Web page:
OCOSTA, Wash. — Washington state needs dozens more vertical evacuation structures to protect those living along Washington's coast from a tsunami, according to a new assessment from Washington state's emergency management division.
Washington would need 58 more structures on the low end to 82 more structures on the high end to ensure people can safely evacuate from a local tsunami in time, according to the report. Low-lying and populated Ocean Shores alone could need as many as ten towers.
According to the report, Pacific County needs between 25 and 40 structures; Grays Harbor needs between 30 and 42 structures; and Clallam County needs one to three structures, depending on where they're built.
The study, which is the culmination of ten years of work, is a guide for counties, cities, tribes and other communities to be able to site, design and fund a variety of structures to give people in those areas a safe place to ride out devastating tsunami waves.
The report comes as Washington state is already leading the nation in developing and implementing these kinds of structures.
The new Ocosta school which opened just a few years ago south of Westport is a dual-use structure; a new building housing a gym and other school functions with a roof that’s more than 50 feet in the air, and wide stairways on each of the building's corners to allow not only students, but members of the community to get high above a tsunami.
Washington’s second vertical evacuation structure, which is a dedicated tower, is now under construction on the southern end of Shoalwater tribal land which would also serve as a refuge for nontribal members in Tokeland. Ocean Shores was recently awarded federal funding to build what could be the third tsunami evacuation structure, and Westport recently submitted an application for funding.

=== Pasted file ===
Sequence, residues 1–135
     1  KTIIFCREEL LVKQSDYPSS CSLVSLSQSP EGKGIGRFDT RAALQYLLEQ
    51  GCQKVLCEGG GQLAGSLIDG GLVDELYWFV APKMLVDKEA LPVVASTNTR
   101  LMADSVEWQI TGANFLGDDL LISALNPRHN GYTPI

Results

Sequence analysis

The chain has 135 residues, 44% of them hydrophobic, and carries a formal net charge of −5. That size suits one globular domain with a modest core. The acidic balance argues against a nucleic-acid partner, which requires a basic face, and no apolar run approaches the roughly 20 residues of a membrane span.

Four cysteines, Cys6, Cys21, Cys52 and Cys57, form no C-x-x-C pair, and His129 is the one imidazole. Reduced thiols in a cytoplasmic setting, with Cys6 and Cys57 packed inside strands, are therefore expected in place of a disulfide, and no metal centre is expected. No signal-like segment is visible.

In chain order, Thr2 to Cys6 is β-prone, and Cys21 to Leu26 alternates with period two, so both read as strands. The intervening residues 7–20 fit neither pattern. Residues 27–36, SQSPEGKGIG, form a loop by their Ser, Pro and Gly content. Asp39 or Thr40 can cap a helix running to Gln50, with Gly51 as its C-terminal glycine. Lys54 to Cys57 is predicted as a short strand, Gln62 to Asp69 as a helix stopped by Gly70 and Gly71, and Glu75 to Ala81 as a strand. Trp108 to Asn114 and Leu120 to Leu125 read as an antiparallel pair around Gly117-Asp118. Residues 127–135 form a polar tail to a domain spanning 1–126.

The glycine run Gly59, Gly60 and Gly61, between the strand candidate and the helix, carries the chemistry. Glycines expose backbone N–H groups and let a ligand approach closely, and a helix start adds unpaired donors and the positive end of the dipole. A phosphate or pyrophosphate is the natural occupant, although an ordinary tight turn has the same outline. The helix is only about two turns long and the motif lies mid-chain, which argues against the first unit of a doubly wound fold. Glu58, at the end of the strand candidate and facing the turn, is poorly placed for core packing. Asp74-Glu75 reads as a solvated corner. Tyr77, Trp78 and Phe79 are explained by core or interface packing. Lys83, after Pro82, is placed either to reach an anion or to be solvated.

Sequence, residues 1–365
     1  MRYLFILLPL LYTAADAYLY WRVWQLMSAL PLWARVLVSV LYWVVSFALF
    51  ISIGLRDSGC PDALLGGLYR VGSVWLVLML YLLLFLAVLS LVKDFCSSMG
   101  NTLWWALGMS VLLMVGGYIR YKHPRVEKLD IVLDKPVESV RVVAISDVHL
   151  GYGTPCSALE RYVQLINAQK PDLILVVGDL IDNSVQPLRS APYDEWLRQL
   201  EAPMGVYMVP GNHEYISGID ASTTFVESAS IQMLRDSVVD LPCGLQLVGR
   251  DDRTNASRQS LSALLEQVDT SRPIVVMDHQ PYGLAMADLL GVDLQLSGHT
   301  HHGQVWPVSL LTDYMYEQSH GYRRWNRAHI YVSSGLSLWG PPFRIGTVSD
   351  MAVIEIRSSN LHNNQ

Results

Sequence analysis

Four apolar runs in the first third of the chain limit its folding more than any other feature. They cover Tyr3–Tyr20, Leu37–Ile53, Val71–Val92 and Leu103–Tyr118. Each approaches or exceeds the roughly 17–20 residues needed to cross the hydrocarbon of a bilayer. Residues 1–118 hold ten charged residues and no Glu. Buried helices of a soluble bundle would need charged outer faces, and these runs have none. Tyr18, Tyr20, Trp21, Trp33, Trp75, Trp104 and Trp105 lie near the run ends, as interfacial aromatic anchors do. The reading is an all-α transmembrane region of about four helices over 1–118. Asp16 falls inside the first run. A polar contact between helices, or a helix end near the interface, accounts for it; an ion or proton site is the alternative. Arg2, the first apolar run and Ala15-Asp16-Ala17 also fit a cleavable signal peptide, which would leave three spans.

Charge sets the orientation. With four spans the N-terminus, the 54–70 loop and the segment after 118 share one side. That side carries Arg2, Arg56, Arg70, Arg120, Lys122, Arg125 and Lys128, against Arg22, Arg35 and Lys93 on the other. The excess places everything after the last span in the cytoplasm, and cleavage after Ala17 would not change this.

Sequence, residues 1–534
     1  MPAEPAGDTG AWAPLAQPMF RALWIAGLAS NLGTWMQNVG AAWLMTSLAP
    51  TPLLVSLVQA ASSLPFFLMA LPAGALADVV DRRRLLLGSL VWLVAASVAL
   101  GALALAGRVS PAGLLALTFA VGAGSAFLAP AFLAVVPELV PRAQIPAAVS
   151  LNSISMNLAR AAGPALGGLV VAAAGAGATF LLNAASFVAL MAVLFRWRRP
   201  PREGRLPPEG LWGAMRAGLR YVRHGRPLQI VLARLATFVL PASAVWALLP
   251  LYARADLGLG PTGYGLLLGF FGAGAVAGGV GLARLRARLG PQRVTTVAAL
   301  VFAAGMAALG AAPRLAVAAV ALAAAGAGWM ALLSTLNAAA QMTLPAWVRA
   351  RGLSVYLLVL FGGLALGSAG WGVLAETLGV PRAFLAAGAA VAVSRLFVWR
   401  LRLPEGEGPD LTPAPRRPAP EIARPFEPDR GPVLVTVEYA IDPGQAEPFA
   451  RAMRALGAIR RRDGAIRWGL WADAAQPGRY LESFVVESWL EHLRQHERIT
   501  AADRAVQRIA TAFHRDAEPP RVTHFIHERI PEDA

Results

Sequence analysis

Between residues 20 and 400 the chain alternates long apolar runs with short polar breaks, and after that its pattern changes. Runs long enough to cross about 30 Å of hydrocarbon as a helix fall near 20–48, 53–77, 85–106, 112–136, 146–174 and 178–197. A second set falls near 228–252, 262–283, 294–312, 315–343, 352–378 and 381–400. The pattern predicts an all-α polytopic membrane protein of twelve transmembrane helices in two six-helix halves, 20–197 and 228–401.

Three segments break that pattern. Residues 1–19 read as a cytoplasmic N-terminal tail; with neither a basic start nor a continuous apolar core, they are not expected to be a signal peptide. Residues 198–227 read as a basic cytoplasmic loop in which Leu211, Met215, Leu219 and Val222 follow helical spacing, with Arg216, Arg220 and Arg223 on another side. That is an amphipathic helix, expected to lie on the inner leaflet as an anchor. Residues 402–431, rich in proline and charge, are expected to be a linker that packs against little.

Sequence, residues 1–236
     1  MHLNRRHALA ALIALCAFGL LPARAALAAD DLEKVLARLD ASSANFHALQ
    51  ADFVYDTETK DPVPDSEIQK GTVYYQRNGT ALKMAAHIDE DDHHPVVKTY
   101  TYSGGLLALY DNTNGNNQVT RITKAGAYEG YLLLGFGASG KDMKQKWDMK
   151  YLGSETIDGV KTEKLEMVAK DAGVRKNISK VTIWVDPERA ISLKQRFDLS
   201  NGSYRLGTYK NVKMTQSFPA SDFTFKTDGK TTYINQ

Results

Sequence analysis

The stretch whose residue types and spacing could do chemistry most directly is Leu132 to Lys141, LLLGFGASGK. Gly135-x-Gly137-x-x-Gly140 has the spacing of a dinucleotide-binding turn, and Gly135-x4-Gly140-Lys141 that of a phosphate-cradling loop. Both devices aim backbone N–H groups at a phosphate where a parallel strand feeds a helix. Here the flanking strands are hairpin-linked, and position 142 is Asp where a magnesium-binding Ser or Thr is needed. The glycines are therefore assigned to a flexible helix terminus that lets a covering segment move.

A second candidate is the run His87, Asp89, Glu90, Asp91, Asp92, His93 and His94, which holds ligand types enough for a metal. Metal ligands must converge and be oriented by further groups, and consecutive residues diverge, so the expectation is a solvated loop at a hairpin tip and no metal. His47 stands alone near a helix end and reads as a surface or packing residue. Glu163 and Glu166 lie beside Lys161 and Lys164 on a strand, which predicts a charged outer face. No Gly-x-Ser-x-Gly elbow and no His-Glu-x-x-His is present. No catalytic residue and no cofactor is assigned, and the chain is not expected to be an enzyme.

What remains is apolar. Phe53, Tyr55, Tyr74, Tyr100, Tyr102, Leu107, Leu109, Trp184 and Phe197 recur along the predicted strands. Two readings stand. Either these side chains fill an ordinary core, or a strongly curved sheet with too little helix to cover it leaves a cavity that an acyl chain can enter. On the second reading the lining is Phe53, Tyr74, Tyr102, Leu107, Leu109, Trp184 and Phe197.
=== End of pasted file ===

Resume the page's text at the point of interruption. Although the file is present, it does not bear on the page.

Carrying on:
The state recommends future structures be within a 15-minute walk of populated areas, as waves could come less than 20 minutes after earthquake shaking stops. Since evacuation would follow a massive magnitude nine earthquake off the northwest coast, driving a car to a structure is considered impractical as roads are expected to be blocked by fallen trees, power lines and other debris.
Tsunami experts say it’s not just the risk of drowning from tsunami waves, but being crushed to death as the waves will pick up and move not only floating debris such as cars and logs, but parts of homes and buildings destroyed by the earthquake.
Dixon says the Federal Emergency Management Agency is partnering with local governments to fund towers on a matching basis. Those interested in learning about funding opportunities for their communities can learn more on the Washington Military Department's website.